Career specialists tackled Asian American studies concepts, such as harmful stereotypes and microaggressions, while also providing advice on how to react to these uncomfortable incidents at an event hosted by the Asian Pacific American Resource Center on Thursday.
The Cal State Fullerton Career Center collaborated with the center to share with students the final program of April’s APIDA Heritage Month events: “Navigating the Workplace as APIDA Individuals.”
Career specialists Melody Lim and Chanda Ishisaka hosted the Zoom workshop, which informed students about wage disparities, APIDA-specific microaggressions, resiliency and other related topics.
Before the presentation started, Lim said that they will be discussing this subject through the lens of their own experiences, which may not be an accurate reflection of the entire APIDA community. However, Lim said she hopes that the information will still be a helpful resource for students.
Within the context of the anti-Asian racism that has erupted since the onset of the COVID-19 pandemic, Lim and Ishisaka said they felt compelled to show their support and provide resources for CSUF’s APIDA community, in addition to celebrating APIDA Heritage Month.
“For me personally, I’ve always wanted to intertwine more social justice and diversity events into our career roles,” Lim said. “Oftentimes, it's assumed that (Diversity Initiative and Resource Centers) and the ethnic studies would be the ones heading these kinds of events, but we want to see what we can do within our scope of practice in career development.”
In one example, Lim discussed the barrier of the bamboo ceiling, which recognizes APIDA individuals as hardworking, but not good enough for upper management positions, usually for no particular reason.
In another example, Ishisaka talked about her experience avoiding burnout and the model minority myth, which stereotypes APIDA individuals as hard-working and, consequently, more successful than other minority groups.
Lim mentioned early in the presentation that the model minority myth is harmful because it pits Asian Americans against other minority groups when there should not be a competition in the first place. Lim and Ishisaka said that this stereotype often leads to burnout because these individuals feel the need to over perform to get the recognition they deserve.
“I sometimes feel like we're getting pressure within our own Asian community, our own family, but also trying to fit in the pressure of wanting to succeed in the U.S., so I do think that can be a recipe for burnout because you can't satisfy everybody, you gotta take time for yourself,” Ishisaka said. “That's just a tough lesson we're all trying to figure out, how not to burn ourselves out, right? And live up to our own expectations.”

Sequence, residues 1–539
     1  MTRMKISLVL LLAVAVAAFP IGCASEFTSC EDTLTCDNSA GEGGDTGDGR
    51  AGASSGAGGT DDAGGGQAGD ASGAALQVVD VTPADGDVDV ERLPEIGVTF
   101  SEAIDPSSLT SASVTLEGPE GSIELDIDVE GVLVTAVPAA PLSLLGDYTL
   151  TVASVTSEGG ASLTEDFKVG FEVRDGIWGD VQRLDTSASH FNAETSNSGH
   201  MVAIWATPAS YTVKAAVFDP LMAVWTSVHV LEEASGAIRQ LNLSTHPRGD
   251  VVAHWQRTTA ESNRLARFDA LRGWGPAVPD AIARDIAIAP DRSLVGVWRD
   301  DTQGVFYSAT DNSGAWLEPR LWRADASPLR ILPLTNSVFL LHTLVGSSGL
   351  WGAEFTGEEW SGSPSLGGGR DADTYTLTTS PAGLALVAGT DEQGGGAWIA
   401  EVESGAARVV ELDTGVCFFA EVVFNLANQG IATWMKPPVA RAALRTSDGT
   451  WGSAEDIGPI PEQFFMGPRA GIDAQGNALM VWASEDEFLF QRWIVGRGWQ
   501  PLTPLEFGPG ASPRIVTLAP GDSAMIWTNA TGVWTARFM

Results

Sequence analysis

Lim also said that her intersecting identities as an APIDA individual, a first-generation student and the daughter of an immigrant family contribute to the need to prove herself, which can easily lead to burnout.
“I think there's some multi-layers that are very common within the community that intertwine to make it so that we're always trying to prove ourselves, that our parents immigrated here for a just cause and that we are successful, but also that kind of passing down of the American dream of our parents and what that means for us, and how can we be ourselves and also make our family, or etc., proud of us,” Lim said.
This pattern of burnout behavior in the workplace, however, can be avoided through building resiliency. Ishisaka affirmed that all 17 of the students who participated in the event are resilient simply for showing up to the Zoom meeting because the pandemic has not stopped them from learning and educating themselves.
Ishisaka went on to discuss the strategies students can use in their careers to overcome a difficult situation, which can look different for each person.
“Resilience starts with you and so really thinking about what strategies do you have for yourself to help yourself when you feel disrespected. And so some strategies may be honoring your existing resilience, honoring that you have been able to succeed, you’ve been able to push forward in the past,” Ishisaka said.
For Ishisaka, building resilience in her career was not a one-person job, she said. Relying on others and engaging in outside hobbies helped her to avoid burnout. Lim, on the other hand, built resiliency through going to therapy, which she said has helped her process the trauma she inherited.
“Knowing that when the violence happens, or movements are happening, definitely learning and growing from them, but not overwhelming myself,” Lim said. “It's important to center myself too. I think oftentimes, I center everyone else and make sure that they're okay, but it's so common for me, passed down from my parents, that I need to care about others versus me.”